Nutrition is complicated, and many people struggle to identify the right diet for them. Words and plans like paleo, keto, Whole30, gluten free, vegan, intermittent fasting, and intuitive eating are all over the place each being touted by their followers as the best way to live a healthy lifestyle. For some, one of these plans (or a combination of multiple) is ideal for maintaining balance and controlling nutrition. However, everyone’s body is different, and specific sets of rules don’t work universally.
While complex and sometimes confusing, most of these diets contain elements of traditional wisdom that suggest we should focus on eating whole, unprocessed foods and controlling our portions. Michael Pollan, author and food writer with over 30 years of experience exploring diet, culture, and nutrition, succinctly addresses this in his incredibly smart and useful book, Food Rules: An Eater’s Manual. This quick read offers 83 “rules” that aren’t actually rules, but rather guidelines for what and how we should eat separated into three sections that summarize his approach to nutrition: “eat food, not too much, mostly plants.”
Eat real food rather than, in Pollan’s words, “edible foodlike substances.” This section of the book encourages eating clean, whole ingredients and avoiding ultra processed items with rules such as:
- Don’t eat anything your great grandmother wouldn’t recognize as food
- Avoid food products that contain more than five ingredients
- Avoid food products containing ingredients that a third-grader cannot pronounce
- Eat only foods that will eventually rot
- When you eat real food, you don’t need rules
Not too much
We generally know that it’s important to control our portion sizes, but we may not consider the rituals surrounding food and the importance they play in following a healthy diet. This section challenges assumptions about how we eat our food with rules like these:
- Stop eating before you’re full
- Do all your eating at a table
- If you’re not hungry enough to eat an apple, then you’re probably not hungry
- Eat slowly
- Treat treats as treats
Whether you follow a vegetarian, vegan, or omnivorous diet, fruits and vegetables will always play a starring role in any healthy diet. Additionally, whole grains and minimally processed ingredients are always preferable to refined sugars, long ingredient statements, and the types of items that you generally find in the middle aisles of the grocery store. Pollan emphasizes this with rules including:
- Treat meat as a flavoring or special occasion food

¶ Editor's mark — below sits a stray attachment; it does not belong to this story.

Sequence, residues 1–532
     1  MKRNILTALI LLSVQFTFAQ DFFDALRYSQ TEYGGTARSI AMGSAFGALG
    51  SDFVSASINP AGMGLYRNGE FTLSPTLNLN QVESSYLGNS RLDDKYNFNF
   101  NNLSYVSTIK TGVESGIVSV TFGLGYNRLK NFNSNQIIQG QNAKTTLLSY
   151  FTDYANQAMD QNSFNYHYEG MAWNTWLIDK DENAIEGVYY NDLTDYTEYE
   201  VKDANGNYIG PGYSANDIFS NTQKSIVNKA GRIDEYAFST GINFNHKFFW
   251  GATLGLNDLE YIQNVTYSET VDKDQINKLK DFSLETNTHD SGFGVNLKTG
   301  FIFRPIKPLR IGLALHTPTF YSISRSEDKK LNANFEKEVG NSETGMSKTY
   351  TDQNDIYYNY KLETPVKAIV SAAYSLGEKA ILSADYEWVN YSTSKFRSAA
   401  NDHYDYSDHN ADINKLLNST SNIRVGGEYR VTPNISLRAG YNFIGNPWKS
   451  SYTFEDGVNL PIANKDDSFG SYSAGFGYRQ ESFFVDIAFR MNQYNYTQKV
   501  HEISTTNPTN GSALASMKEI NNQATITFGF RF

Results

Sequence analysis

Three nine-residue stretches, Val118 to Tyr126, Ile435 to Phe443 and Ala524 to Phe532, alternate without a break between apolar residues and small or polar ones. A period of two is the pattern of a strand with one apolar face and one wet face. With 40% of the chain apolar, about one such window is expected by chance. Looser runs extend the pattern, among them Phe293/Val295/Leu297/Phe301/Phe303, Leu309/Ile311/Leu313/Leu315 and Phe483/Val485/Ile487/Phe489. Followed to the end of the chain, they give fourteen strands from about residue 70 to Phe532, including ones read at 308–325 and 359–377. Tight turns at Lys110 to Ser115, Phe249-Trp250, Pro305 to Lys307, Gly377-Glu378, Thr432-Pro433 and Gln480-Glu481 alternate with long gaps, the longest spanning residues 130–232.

- Eat well-grown food from healthy soil
- Eat your colors
- Eat all the junk food you want as long as you cook it yourself
- Make water your beverage of choice
How I felt after a month of following Michael Pollan’s “food rules”
Eating according to Michael Pollan’s rules wasn’t that big of a change for me. “Eat food” and “mostly plants” all spelled out principles that I generally follow already. I like to think of myself as a flexitarian, I make it a priority to stick to clean label ingredients as much as possible, and I cook most of my meals for myself. These three habits essentially cover the problem Pollan addresses in these two sections of the book.
For me, the biggest game changer was rethinking how I eat by taking to heart the rules presented under the umbrella of “not too much.” I watch my portions but rarely consider the actual rituals and habits surrounding my meals. Through examining these habits, I adopted three changes over the past month that drastically altered my mindset around food, made me feel great mentally and physically, and made meal times much more enjoyable.
- I stopped eating not when I was full, but when I was no longer hungry. It’s a small distinction but one that Pollan encourages strongly. This generally meant ending my meals several bites earlier than normal. This practice left me feeling lighter after meals and improved my energy exponentially.
- I ate slower and more mindfully. Knowing that I intended to stop eating just a bit sooner than I was used to made me want to savor and think about each bite I took. This made meals more fun and I found myself looking forward to them more.
- I removed TV from my dinner routine. My roommate and I decided on this change together and it was such a game changer. Instead of mindlessly rewatching The Office every night, we put on our record player, ate dinner, and caught up on each other’s days. Dinner was more enjoyable, took longer, and became a much more meaningful part of my day. Additionally, it made watching an episode (or two) of Grey’s Anatomy when I got into bed at the end of the day feel so much more indulgent and relaxing than it normally would if I’d had the TV on for the entire evening. This simple change was the most meaningful shift over the past month, its benefits extended far beyond diet and meal times, and is one that I would encourage everyone to try.